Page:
Erikson Institute

Psychodynamic Psychopharmacology Strategic Initiative

Learn more about the Psychodynamic Psychopharmacology Strategic Initiative at the Austen Riggs Center.

Psychodynamic psychopharmacology is an approach to pharmacotherapy that explicitly acknowledges the central role of meaning and interpersonal factors in promoting good treatment outcomes. It is informed both by a psychodynamic perspective and by an evidence base that suggests that psychosocial aspects of medications are often more potent than the putative active ingredients of those medications. The psychodynamic perspective emphasizes that meaning can have profound influences on the effects of any intervention, that these meanings are often obscure and require time and attention to illuminate, that patients’ desires from treatment are complex and multilayered, that the doctor-patient relationship can be a powerful tool for healing, and that the doctor, as much as the patient, is vulnerable to succumbing to irrationality in the context of the patients’ distress. The evidence base that is incorporated into the treatment model and treatment recommendations emphasizes, among other things, the role of the placebo (and nocebo) effect on treatment outcomes; the role of the patients’ desires, expectations, and ambivalence on treatment outcomes; and the potency of the therapeutic alliance, including the role of active engagement of patient preferences in promoting good treatment outcomes and a recognition that patients who experience treatment as disempowering are less likely to benefit from treatment.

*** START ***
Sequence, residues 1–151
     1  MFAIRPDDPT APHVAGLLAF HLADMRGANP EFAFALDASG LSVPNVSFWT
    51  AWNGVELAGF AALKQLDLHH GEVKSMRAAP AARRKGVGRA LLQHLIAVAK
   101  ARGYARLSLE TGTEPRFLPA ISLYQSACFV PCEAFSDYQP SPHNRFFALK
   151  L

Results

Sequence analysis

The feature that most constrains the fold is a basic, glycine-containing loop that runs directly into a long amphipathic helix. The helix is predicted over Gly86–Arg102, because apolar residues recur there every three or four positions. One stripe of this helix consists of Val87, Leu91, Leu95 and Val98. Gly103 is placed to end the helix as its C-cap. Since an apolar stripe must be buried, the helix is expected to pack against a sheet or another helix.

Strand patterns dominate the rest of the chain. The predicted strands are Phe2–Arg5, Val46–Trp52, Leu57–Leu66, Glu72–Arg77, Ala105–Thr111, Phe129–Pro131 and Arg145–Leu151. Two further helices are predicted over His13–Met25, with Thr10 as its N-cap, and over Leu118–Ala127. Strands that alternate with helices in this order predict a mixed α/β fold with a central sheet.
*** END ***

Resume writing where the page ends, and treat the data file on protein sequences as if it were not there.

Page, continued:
The initiative seeks to:

  • Operationalize the technical recommendations of psychodynamic psychopharmacology into measurable prescribing behaviors in the form of a treatment manual that will both guide a research program and offer guidance for the practicing clinician. The Manual of Psychodynamic Psychopharmacology is currently under contract for publication with American Psychiatric Association Publishing.
  • Test the usability of the manual with clinicians to ensure that it offers recommendations that prescribers can follow without significant difficulty. 
  • Conduct randomized, controlled trials to determine that the model will work for patients who have failed to benefit from a number of medication trials, thus adding to the evidence base for the importance of psychosocial factors in effective pharmacotherapy, and for the utility of applied psychodynamics in pharmacotherapy.

STAFF

David Mintz, MD, Team Leader, Staff Psychiatrist, and Initiative Leader

NEWS

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